Killing ants is hard and dangerous work for wasps, so they've developed a rather clever method of getting rid of the pesky insect: they airdrop 'em. Julien Grangier of the Victoria University of Wellington in New Zealand discovered the strange behavior:
"The first surprise was to see that despite being 200 times smaller, the ants are able to hold their own by rushing at the wasps, spraying them with acid and biting them," Grangier said. "But the most amazing was to observe that wasps, apparently frustrated by having to compete with ants, will pick them up in their mandibles, fly off and drop them away from the food."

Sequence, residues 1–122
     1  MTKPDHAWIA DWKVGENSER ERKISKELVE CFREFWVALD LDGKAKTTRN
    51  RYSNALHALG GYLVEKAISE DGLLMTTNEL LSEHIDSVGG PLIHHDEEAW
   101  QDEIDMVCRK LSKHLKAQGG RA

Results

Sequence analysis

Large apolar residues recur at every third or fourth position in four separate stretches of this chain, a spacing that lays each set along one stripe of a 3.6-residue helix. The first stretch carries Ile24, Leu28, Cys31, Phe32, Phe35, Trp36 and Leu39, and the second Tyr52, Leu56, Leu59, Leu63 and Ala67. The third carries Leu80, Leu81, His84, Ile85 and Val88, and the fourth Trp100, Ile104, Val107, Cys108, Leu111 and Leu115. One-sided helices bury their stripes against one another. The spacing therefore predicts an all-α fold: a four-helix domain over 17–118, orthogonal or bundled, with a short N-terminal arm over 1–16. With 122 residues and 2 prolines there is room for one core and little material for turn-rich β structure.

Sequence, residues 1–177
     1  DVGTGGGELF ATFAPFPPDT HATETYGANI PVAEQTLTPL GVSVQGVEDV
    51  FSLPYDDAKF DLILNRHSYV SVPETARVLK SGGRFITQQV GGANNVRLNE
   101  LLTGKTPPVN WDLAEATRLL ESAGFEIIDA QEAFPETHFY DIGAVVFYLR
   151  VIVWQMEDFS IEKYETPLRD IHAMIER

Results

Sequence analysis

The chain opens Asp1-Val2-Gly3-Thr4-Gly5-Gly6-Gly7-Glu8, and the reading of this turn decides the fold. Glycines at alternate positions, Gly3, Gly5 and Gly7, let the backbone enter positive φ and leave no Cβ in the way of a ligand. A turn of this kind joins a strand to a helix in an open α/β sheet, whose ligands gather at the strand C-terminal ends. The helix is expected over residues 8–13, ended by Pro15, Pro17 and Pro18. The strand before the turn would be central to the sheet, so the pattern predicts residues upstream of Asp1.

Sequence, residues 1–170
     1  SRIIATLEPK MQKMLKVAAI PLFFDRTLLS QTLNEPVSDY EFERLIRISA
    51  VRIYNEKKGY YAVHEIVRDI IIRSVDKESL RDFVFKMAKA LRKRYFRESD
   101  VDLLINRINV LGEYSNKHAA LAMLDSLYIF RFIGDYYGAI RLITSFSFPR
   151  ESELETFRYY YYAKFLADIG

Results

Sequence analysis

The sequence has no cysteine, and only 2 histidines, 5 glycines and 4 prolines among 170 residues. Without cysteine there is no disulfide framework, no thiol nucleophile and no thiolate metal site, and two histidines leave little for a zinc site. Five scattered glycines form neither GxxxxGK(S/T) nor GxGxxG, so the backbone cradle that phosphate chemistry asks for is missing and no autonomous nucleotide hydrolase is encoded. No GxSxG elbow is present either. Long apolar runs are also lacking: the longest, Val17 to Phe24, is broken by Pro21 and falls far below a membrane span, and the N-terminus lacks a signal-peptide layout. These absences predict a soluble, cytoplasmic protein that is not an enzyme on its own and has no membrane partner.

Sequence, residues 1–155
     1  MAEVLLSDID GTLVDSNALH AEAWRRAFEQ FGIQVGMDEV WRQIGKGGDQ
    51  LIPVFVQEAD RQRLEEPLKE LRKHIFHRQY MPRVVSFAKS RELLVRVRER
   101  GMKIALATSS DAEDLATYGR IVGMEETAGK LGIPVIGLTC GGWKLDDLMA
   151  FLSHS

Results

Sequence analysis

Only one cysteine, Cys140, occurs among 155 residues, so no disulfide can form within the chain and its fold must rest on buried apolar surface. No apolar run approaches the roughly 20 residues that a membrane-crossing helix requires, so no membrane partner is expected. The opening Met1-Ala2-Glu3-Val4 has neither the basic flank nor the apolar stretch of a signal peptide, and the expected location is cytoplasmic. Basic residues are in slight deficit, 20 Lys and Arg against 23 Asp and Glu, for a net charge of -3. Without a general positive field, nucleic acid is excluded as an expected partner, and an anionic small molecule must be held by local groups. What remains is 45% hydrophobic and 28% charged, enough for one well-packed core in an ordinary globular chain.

The researchers saw the involuntary ant flights 62 times at 20 different bait stations. The wasps didn't bother to take the ants far, usually dropping them only a few centimeters from the tuna. But that was enough. About 47 percent of the time, the discombobulated ants never made it back to the tuna. Even when the ants did make it back, the wasps beat them there 75 percent of the time.